To learn about lung cancer, you first must know about the lungs. The lungs are the main organs of the respiratory system. They are involved in the exchange of gases in and out of the body.
Your lungs transfer oxygen—a gas that cells need to live—from the air into the blood. The blood then carries oxygen to all the cells in the body. The lungs also remove carbon dioxide—a gas made by cells—from the blood. Carbon dioxide is then exhaled from the lungs into the air. The transfer of these gases in and out of the body is called respiration.
When you inhale, air travels down your throat into your windpipe (trachea). Air then enters your lungs through the bronchi. The bronchi branch off into each part (lobe) of your lung. Your right lung has three lobes and your left lung has only two lobes to make space for your heart.
Within the lobes, the bronchi divide into smaller airways called bronchioli. At the end of each bronchioli are bunches of alveoli wrapped in blood vessels. The transfer of gases in and out of the blood occurs in the alveoli.
Throughout your body—including in your lungs—is a clear fluid called lymph. Lymph gives cells food and water. It also contains germ-fighting immune cells. Lymph drains from tissue into vessels that transport it to the bloodstream. As lymph travels, it passes through small structures called lymph nodes. Lymph nodes remove germs from lymph.
Your lungs are protected by tissue called the pleura. Pleura covers each lung and helps the lungs safely rub against other organs. Pleura is made of two layers. The outer layer is known as the parietal pleura. The inner layer is called the visceral pleura. The space in between the two layers is called the pleural cavity. It is filled with a small amount of fluid called pleural fluid.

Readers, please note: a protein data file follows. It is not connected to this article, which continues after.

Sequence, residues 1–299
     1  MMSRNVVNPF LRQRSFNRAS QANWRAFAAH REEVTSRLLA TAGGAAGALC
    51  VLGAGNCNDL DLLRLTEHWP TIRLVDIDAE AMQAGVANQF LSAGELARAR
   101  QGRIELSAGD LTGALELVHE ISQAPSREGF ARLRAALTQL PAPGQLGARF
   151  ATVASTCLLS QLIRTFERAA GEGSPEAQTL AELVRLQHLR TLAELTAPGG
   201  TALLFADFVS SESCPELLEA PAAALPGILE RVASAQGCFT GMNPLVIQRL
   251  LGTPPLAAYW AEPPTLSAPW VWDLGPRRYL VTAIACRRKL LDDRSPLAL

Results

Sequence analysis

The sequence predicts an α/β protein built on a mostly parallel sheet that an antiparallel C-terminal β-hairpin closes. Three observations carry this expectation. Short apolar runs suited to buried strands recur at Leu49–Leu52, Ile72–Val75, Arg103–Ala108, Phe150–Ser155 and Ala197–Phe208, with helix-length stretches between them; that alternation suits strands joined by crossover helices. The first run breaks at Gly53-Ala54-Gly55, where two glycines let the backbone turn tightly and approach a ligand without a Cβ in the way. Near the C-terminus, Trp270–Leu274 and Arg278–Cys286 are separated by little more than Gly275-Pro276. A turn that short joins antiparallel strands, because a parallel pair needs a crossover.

A disease of cells
Your body is made of trillions of cells. Cancer is a disease of cells. Each type of cancer is named after the cell from which it formed.
Lung cancer starts in cells of the lung. Other cancers that have spread to the lung are not lung cancers. For example, breast cancer that has spread to the lungs is still breast cancer. Almost all lung cancers are carcinomas. Carcinomas are cancers of cells that line the inner or outer surfaces of the body. Lung carcinomas start in cells that line the airways of the lungs.
Lung carcinomas are divided into two groups based on how the cells look. One group is called small cell lung cancer and the other group is called NSCLC (non-small cell lung cancer). There are two major types of NSCLC. The first type is non-squamous carcinoma. It includes adenocarcinomas, large-cell carcinomas, and rare cell types. The second type of NSCLC is squamous cell carcinoma. It is also sometimes called epidermoid carcinoma.
Cells have a control center called the nucleus. The nucleus contains chromosomes, which are long strands of DNA (deoxyribonucleic acid) tightly wrapped around proteins. Within DNA are coded instructions for building new cells and controlling how cells behave. These instructions are called genes.
There can be abnormal changes in genes called mutations. Some types of mutations that are linked to cancer are present in all cells. Other mutations are present only in cancer cells. Mutations cause cancer cells to not behave like normal cells and, sometimes, to look very different from normal